PNG’s forests are critical to the livelihoods and the economy of the country. The ecosystem services forests provide help to maintain access to water and suitable agricultural land for PNG’s predominantly rural population. Forests also help to protect key infrastructure, people and crops from flash flooding and landslides. They play a direct role in supporting the livelihoods of rural communities with more than 500 species of wild growing plants identified as being used for food and the value of annual bushmeat consumption estimated to be equivalent to $26million, if alternative meats had to be sourced [1].

These economic values sit alongside the deep social and cultural values attributed to forests across PNG. With over 90% of the land area under customary land ownership, PNG’s forests are at the center of the cultural identity of many communities [1].

According to the country’s Voluntary National Review (2020), PNG has 36 million hectares of land of which 77.8% is covered by forest. The country has one of the largest tropical forest covers said to contain 14 forest types, of which 13 types are natural vegetation and one is plantation. Additionally, 76% of the forests are left undisturbed while the remaining is said to be disturbed by human activities – 11.9% is due to large-scale logging, 7.9% by small-scale temporary gardening, 3% by forest fire, 0.7% by ‘others’, 0.2% by small-scale logging, and 0.1% by grazing [2].

Despite being one of the most extensively forested countries in the world, PNG’s forests have been in decline. According to the country’s Forest Reference Level, submitted to the UNFCCC in 2017, 261,528 ha of forest was cleared between 2000 and 2015, resulting in average emissions of over 5m tCO2e per annum. This deforestation was primarily driven by the conversion of forestland to cropland [1].

The remaining forest area has also been subject to significant degradation with 2,427,987 ha of forest degraded between 2000 and 2015. This level of degradation has resulted in average emissions of over 25m tCO2 e per annum and it is recognised that almost all disturbance has been caused by commercial logging. This trend will also likely continue as over 8.6m ha of forest is currently under concessions and a further 8.4m ha has been identified as potential concession area [1].


Between 2000 and 2015, deforestation was primarily driven by the conversion of forestland to cropland which accounted for 87% of deforestation. Of this shifting agriculture is responsible for 63% of the land deforested and commercial agricultural developments, primarily in the form of oil palm are responsible for 30% of the deforested land. Trends in the clearance of land for shifting agriculture are also closely linked to ongoing population growth and increases in population density. With PNG’s population rapidly increasing, deforestation is likely to continue and worsen over coming years. Over the same period, forest degradation was mainly caused by commercial logging (98.1%) [1].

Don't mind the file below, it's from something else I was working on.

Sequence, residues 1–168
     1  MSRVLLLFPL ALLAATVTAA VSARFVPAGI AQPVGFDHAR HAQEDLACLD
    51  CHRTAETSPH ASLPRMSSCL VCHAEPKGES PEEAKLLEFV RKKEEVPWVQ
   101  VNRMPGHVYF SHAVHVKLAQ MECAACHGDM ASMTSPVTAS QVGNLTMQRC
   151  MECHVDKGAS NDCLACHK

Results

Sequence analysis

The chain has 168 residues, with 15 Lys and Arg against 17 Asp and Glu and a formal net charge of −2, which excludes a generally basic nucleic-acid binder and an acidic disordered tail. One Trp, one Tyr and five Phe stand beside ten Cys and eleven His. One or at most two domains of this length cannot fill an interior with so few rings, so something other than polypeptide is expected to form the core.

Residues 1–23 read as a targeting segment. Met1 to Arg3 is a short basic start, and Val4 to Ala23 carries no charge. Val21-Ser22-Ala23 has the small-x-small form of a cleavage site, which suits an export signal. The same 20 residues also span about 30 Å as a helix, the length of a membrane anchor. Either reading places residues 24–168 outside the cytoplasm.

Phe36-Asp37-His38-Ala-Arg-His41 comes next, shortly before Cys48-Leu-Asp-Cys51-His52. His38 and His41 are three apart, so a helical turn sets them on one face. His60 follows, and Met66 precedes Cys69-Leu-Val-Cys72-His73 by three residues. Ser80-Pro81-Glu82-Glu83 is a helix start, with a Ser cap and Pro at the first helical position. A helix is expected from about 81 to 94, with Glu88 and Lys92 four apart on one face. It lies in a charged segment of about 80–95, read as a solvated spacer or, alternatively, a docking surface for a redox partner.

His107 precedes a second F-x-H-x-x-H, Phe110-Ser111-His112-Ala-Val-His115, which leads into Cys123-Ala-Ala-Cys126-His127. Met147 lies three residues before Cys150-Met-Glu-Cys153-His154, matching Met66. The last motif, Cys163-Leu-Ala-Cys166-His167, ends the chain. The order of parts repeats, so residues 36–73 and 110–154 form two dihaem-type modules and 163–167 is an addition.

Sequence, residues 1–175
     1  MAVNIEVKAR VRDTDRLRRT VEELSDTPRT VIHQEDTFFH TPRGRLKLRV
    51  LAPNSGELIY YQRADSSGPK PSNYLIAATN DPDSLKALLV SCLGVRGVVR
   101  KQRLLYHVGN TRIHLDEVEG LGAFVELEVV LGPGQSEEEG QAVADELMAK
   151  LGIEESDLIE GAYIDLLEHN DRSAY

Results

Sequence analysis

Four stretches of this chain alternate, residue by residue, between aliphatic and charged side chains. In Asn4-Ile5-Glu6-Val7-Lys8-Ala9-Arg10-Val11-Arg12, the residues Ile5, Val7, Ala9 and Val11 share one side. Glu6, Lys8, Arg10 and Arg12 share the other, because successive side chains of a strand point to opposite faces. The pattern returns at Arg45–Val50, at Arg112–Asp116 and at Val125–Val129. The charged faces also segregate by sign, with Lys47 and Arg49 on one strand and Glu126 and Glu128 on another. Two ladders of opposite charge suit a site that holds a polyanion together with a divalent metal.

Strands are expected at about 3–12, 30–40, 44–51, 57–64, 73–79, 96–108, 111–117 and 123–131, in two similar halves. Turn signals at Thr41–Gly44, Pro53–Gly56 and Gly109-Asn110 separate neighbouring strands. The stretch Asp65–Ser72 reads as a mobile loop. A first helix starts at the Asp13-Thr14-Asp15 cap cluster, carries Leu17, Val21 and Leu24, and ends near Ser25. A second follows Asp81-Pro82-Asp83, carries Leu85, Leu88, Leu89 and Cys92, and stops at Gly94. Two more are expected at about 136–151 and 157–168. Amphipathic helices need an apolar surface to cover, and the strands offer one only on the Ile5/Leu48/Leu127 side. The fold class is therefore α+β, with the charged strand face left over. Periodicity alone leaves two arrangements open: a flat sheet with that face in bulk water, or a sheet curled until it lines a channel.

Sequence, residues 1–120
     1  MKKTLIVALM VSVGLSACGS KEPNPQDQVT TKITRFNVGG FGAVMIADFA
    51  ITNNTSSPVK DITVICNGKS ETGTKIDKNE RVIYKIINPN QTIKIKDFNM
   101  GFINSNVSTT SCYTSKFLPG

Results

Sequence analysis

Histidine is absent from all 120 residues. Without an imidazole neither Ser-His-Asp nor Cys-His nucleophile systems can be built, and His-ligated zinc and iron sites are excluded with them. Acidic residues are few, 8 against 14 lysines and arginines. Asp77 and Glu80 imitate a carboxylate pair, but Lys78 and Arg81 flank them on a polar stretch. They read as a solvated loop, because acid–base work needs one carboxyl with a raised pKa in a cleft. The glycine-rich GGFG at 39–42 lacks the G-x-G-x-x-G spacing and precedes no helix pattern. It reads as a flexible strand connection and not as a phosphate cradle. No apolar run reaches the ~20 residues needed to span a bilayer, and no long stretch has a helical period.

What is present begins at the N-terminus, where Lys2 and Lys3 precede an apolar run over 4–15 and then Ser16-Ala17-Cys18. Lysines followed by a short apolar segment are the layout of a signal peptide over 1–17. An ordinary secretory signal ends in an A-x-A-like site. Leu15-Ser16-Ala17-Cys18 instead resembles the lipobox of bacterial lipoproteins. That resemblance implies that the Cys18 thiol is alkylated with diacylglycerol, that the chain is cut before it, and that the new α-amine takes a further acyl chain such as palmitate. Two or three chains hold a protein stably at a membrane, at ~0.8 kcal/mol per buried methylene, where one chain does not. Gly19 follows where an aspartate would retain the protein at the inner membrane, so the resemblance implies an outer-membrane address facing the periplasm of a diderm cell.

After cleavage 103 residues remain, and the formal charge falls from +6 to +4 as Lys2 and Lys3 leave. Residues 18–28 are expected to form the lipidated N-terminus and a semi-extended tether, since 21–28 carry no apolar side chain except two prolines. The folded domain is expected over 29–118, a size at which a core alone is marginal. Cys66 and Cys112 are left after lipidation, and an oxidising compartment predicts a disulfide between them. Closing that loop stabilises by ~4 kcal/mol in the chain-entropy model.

Key policies and governance approach

Conservation of the environment is enshrined in PNG’s Constitution and captured in the fifth pillar of the government’s Vision 2050. The DSP 2010-2030 also highlights concerns of deforestation and the impacts of climate change, and promotes specific goals to support a sustainable environment and to contribute to global efforts to abate greenhouse gas emissions [3].

Papua New Guinea’s key policy and legislation on forest management includes the Forestry Act 1991 and the Forest Policy 1991 [3].The Forestry Act 1991 provides for the conservation, development, and management of the country’s forest resources. The Act also allocates forest rights and responsibilities through the required Forest Management Agreements between customary landowners and the government. Landholders sell cutting rights to the PNG Forest Authority in exchange for timber royalties. The Forest Authority may then grant the cutting rights to third parties within the private sector. The majority of PNG’s forests are held by communities and individual PNG clans, and there are still many large inaccessible areas of forests that fall outside of formal forest management [4].

More recently, the GoPNG developed the National REDD+ Strategy to support efforts to reduce levels of deforestation and help to maintain and protect the country’s natural forests. PNG is a leading proponent of REDD+ at the international level and has made considerable progress towards developing the capacity to engage in an international mechanism on REDD+ with support from development partners such as the United Nations, and the World Bank through the Forest Carbon Partnership Facility [2].